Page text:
Share Your Results and Put Them into Action
I know you know this but before you make a lot of changes run it by whom you need to—your boss, your boss’s boss, etc. Get agreement and have an action plan for going forward for what you will stop, start and continue, and when you will be talking to your stakeholders.
Still need more help? Let us do it for you.
Your focus has changed.
|Image via Concept Genius|
Unique goals and objectives make these questions hard to answer in general terms, but future blog articles will endeavor to add clarity to your quest. In the meantime, if rebranding is on your New Year’s resolution list, get in touch with your friends in BRANDEland.
Jason Ginsburg, Director of Interactive Branding at Brandemix, show how organizations can use Thomas Cook’s philosophy in engaging employees during a re-branding.
To learn how Brandemix can help you with employee engagement and internal communications, visit our website.
The Brand Plan.
The first step in any successful branding or rebranding effort is the creation of the brand plan. The brand plan provides a roadmap for creating, marketing, launching and promoting your brand, and is relevant for both your internal and external activations.
|It’s all right to have your head in the clouds when writing your vision and mission.|
SWOT it Out
A brand plan includes an analysis of your company’s place in the market, broken down into four parts: Strengths – including your expertise, uniqueness, resources, or anything else that gives your company an advantage. Weaknesses – issues that may be holding you back from your potential; what knowledge or capabilities are you missing? Opportunities – such as an emerging customer need that you can meet, a new technology that will change your market, or a reduction in regulations or costs. Threats – problems on the horizon such as a customer need, technology, or law that make the market worse for your company.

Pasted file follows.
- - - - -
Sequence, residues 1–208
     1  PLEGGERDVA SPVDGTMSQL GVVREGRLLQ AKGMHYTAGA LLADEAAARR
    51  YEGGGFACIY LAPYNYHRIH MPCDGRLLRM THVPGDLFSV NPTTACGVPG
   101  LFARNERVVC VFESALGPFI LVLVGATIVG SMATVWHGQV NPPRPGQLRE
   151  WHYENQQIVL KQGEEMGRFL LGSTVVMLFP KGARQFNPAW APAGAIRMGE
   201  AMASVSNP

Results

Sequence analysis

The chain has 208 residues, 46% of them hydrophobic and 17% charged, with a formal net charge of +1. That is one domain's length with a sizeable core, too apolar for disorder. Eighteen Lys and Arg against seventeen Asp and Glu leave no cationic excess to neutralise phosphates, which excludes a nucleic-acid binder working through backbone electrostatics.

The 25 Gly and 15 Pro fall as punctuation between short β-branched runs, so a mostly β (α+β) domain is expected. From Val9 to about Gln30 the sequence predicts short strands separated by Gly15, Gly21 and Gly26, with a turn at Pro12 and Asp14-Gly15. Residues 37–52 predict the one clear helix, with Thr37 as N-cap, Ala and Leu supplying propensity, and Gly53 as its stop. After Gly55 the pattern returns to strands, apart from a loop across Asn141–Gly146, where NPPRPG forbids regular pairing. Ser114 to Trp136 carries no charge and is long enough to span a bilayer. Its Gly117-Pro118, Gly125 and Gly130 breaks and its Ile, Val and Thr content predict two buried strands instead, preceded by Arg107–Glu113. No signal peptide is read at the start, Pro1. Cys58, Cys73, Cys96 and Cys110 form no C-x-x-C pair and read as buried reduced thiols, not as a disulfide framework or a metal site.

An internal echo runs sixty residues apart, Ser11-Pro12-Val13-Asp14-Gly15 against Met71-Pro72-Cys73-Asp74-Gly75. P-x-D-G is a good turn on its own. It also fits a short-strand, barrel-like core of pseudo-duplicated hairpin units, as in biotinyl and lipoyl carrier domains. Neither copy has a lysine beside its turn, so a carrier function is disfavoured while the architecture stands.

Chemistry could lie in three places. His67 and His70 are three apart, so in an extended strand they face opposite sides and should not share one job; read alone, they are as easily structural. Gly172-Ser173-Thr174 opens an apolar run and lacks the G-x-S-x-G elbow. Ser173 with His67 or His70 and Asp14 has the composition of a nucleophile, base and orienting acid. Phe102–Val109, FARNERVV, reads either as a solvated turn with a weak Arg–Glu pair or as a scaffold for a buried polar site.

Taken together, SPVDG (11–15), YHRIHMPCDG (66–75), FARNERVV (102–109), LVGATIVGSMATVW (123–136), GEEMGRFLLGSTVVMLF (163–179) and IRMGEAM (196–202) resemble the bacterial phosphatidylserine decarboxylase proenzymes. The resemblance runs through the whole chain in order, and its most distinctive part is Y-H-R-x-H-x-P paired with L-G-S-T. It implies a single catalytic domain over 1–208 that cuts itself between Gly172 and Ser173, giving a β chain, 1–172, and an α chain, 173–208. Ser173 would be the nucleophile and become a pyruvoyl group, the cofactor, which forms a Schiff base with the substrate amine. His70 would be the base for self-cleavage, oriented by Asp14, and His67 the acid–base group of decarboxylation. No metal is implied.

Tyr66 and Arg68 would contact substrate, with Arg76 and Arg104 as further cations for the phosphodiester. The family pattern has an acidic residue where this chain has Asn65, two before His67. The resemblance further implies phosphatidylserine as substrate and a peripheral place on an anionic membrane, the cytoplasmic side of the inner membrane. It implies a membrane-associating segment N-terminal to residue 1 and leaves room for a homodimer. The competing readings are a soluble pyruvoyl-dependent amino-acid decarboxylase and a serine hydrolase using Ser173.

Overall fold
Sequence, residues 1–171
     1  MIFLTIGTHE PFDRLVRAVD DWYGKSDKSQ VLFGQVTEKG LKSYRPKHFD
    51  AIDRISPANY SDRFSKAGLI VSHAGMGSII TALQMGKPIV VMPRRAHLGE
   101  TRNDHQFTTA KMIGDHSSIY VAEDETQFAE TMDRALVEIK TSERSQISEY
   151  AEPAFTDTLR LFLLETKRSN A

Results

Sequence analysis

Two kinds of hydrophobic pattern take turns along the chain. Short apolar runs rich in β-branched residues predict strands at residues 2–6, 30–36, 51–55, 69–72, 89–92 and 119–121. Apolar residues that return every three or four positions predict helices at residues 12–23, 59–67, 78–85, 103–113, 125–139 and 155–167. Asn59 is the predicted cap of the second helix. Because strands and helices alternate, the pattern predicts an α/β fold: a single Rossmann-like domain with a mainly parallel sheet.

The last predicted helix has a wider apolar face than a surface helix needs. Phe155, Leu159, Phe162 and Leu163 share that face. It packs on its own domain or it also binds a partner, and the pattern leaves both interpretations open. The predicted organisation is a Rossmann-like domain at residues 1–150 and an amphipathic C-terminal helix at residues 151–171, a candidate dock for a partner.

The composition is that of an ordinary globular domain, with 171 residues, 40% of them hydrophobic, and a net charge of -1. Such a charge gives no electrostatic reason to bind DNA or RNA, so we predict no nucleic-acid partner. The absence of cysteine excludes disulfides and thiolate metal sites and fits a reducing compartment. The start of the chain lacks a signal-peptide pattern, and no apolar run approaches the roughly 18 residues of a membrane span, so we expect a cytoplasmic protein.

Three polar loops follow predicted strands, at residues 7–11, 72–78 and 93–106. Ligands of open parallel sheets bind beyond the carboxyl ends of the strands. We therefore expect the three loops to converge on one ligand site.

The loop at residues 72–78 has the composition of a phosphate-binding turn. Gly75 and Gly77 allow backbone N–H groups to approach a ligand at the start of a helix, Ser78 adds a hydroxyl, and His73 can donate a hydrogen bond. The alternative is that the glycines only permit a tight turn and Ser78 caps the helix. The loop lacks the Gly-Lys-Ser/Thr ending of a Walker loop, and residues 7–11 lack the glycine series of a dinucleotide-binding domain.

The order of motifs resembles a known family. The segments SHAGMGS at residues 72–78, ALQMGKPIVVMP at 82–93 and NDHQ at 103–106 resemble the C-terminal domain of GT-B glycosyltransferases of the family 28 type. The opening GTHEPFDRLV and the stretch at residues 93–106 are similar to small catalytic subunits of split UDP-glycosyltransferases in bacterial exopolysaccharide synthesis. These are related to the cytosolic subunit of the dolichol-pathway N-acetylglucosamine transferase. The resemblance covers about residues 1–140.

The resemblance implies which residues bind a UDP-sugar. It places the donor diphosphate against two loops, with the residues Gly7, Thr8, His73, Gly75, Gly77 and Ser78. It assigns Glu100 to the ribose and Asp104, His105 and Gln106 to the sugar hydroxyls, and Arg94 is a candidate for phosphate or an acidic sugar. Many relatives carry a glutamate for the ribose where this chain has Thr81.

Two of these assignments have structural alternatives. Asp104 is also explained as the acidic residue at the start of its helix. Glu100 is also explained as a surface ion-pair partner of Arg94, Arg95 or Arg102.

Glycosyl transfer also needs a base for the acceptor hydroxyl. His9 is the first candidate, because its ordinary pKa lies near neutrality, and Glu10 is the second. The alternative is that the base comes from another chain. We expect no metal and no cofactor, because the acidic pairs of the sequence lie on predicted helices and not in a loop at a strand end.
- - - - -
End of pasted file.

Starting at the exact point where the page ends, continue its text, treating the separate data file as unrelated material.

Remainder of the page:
You now know where you want to go, how you’ll get there, and your current and future advantages and disadvantages. Now you can create a strategy that will help you get from here to there, using your strengths to take advantage of the opportunities and avoid the obstacles. This means creating a strategy, the large-scale plan for success. Within this are tactics, the individual programs, products, and initiatives that contribute to the strategy. In war, strategy involves which battles you’re going to fight; the tactics are how you fight them. Don’t get them mixed up or you can find yourself wasting resources on a tactic or overlooking the importance of a strategy.
Bring in the Numbers
Visions and missions can be “touchy-feely,” but a brand plan should include numbers. If you’re launching a new product, how many will be in your first shipment? What are your metrics for success – sales, hires, press mentions, social media responses? What’s the minimum ROI that will allow you to move on to the next step? And what’s the budget for each of your tactics? Don’t let your enthusiasm make you neglect the most important numbers – time and money!
|Some brand plans are measured in months; others in hours|
3, 2, 1, Launch!
The plan is in place. Now it’s time to execute. Put that new budget to use and start designing, writing, creating, and activating. After so much discussion and preparation, everyone will be eager for results. Help them out with a quick win, an easily achieved goal that boosts your employees’ confidence and builds momentum for the next round. Quick wins silence doubters and give you something to point to at the first few status meetings and say, “This worked.”
Your brand plan is finished. Guided by your mission statement, you’re implementing your strategy and tactics, making your vision a reality. You’ve made some quick wins, you’re analyzing the metrics, and you’re aware of both the perils and the promise of the future. You’ve put in place a solid foundation for success.
At Brandemix, we specialize in brand planning, brand architecture, brand positioning, and branding initiatives. If you’d like to learn more, contact me. I’d love to share our knowledge with you.